The Corporate Jet Investor London, 2023: An Exciting Aviation Event
London, 6-8 February 2023. This year, Acumum – Legal & Advisory attended the Corporate Jet Investor (London), held at The Landmark London. With the glamorous backdrop of the 5-star premises, and an array of discussion panels featuring top-notch speakers, Dr Geraldine Spiteri has returned from the event, brimming with excitement.
Business aviation – ‘bizav’ – is on the rise. Business jets have stepped in during COVID, flying people and supplies at a time when commercial aviation had ground to a halt. For some, there is no going back to commercial flying. The tendency among high-net-worth individuals is to stick to private flying: this means fewer queues, less (or no crowds) and greater comfort and privacy while travelling.
Bizav nowadays provides connections to three times more European destinations than just a few years ago. It is responsibile for around 400,000 direct and indirect jobs and adds EUR 900 billion to the European GDP. It is toted as an industry worth investing in.
On the downside, it has a high carbon footprint, but accounts for only 0.04% of the global emissions annually.
Interestingly, during the event, protestors barged into the meeting twice. They slammed private jets as “obscene” and “a privilege that we cannot afford”. The protestors stormed in, as though timed, just as one of the sustainability debates had come to a close.
Later, we learned that a spokesperson for Fossil Free London told CJI: “We disrupted your conference because our climate is in crisis, and people around the world are already suffering and dying from the impacts of this crisis, particularly people in the Global South who have done least to cause this crisis and are now suffering from extreme weather, flooding, drought, heatwaves, storms and forest fires.”
During the conference, discussion panels were asked: Is the bizav industry being unjustly demonised? Among the subjects discussed was the ever-looming issue of the emissions caused by the industry and the bad press this has caused. Indeed, there is an increasing rise in the use of sustainable aviation fuel, though still expensive. Owners and operators are also investing in neutralising their carbon footprint. Naturally, it is still a polluting industry – but the general feeling was one of optimism: as the use of bizav continues to rise, so will scientists find a way to neutralise the carbon or to make the use of replacement fuels possible and, of course, feasible.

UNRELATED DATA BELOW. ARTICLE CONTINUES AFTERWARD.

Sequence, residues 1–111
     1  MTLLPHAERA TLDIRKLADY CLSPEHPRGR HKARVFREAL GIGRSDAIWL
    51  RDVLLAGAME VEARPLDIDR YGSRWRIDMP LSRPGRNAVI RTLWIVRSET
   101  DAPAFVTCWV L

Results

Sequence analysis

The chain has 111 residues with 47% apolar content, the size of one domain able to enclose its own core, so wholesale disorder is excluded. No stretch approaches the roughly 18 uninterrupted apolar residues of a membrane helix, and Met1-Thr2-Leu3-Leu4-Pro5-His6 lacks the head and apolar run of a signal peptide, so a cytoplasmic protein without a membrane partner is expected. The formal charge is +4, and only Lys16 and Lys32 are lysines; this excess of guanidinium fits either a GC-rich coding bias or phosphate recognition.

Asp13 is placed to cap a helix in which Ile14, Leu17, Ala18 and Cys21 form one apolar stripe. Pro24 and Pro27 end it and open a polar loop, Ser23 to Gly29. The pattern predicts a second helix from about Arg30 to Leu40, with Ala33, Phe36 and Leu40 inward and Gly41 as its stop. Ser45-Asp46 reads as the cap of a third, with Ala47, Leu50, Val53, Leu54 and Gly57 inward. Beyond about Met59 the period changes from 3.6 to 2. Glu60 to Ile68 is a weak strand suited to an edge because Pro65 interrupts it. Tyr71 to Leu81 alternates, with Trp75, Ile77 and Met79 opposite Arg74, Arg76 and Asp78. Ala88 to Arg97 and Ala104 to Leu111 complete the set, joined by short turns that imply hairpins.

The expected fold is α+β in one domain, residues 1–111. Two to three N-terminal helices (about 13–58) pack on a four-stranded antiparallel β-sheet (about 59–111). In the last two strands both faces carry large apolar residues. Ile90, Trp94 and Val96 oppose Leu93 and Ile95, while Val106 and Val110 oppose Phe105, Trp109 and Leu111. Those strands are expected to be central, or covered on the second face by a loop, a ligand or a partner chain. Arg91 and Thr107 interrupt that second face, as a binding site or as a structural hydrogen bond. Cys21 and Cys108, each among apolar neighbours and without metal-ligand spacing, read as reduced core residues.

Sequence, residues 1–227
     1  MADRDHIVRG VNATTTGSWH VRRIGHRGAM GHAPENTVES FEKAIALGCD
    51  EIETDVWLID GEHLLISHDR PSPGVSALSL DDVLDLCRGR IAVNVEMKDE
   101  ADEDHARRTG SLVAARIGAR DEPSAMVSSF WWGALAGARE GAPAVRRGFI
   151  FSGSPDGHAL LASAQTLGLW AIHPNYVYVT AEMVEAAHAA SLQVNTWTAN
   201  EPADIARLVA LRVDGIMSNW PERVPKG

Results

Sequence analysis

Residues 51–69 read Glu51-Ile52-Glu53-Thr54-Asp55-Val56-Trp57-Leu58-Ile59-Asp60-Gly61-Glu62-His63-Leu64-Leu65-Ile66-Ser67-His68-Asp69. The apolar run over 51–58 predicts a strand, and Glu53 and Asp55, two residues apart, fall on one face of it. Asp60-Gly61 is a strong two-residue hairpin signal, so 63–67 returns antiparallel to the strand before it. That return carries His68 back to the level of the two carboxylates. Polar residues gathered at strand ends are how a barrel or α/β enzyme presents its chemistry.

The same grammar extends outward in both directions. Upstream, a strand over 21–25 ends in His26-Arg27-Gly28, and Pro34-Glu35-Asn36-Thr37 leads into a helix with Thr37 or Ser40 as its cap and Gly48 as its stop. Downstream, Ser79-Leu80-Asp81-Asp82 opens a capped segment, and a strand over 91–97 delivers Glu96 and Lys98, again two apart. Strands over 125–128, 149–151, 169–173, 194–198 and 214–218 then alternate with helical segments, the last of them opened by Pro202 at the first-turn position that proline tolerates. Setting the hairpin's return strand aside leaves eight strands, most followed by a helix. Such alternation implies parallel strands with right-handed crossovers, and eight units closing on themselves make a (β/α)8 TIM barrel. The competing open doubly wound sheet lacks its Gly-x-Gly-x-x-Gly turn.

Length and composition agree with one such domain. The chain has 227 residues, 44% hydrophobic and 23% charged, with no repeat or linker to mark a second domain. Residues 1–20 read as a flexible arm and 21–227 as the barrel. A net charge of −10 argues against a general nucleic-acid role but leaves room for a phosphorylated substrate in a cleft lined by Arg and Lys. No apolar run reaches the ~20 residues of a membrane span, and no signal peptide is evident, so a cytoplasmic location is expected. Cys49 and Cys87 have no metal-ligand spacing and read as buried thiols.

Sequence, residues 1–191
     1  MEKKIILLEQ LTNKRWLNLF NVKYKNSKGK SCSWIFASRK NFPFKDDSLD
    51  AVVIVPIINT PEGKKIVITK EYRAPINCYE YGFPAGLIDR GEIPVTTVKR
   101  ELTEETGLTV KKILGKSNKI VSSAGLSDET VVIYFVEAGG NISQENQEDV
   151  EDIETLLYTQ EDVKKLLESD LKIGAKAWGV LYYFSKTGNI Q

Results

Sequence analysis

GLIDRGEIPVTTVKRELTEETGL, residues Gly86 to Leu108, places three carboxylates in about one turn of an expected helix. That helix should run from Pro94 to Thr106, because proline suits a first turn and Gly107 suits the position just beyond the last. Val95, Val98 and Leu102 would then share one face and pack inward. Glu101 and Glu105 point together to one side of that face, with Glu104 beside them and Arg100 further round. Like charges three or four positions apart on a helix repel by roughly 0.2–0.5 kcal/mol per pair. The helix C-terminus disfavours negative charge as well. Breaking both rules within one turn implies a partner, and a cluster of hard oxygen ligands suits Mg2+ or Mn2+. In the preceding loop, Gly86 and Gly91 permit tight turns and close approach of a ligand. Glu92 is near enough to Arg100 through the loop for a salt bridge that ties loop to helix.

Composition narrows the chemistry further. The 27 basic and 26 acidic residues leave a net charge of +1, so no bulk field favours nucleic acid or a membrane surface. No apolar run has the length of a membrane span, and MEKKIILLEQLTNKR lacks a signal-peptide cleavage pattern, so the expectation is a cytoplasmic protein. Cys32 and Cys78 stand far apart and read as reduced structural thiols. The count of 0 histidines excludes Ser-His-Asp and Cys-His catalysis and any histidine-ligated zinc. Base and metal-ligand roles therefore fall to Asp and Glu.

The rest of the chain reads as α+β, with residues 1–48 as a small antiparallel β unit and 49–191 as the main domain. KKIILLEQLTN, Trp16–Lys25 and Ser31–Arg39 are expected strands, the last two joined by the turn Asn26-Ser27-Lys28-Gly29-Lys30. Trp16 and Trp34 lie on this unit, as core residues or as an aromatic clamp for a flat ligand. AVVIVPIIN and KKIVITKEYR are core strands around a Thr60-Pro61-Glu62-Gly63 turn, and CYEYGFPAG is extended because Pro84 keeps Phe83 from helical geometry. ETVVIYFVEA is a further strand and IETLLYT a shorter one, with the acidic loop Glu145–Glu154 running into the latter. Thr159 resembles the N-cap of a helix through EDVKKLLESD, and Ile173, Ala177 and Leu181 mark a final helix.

At the 2021 United Nations Climate Change Conference, a target was set to achieve net-zero greenhouse gas emissions from the U.S. aviation sector by 2050. A huge part of the conference discussion centred on sustainable aviation fuel, produced from renewable and waste feedstock can provide the greatest impact in our effort to reduce greenhouse gas emissions.
Other discussions centred around the changing trends in the take-up of bizav – both as an investment and as a means of travel. In particular, changing trends in requirements for aircraft, increased demand for aircraft and a lack of supply (long lead times for the delivery of newbuilds) led to lengthy and healthy discussions on the future of the industry.
Naturally, the sanctions on Russia were high on the watch list. This has been seen as a creeping web of restrictions, which practitioners from across the industry are watching with keen eye. A considerable difference has been observed between the EU and the USA as to how to treat aircraft that has a connection with Russia.
The conference was attended by around 580 delegates from all over the world. Some of the world’s largest brands in aviation sponsored the event – aircraft builders, engine builders, maintenance companies, managers and operators and financial and legal advisors.
Dr. Geraldine Spiteri. I Head of Marine & Aviation.
[email protected] +366 2778 1700 ext 403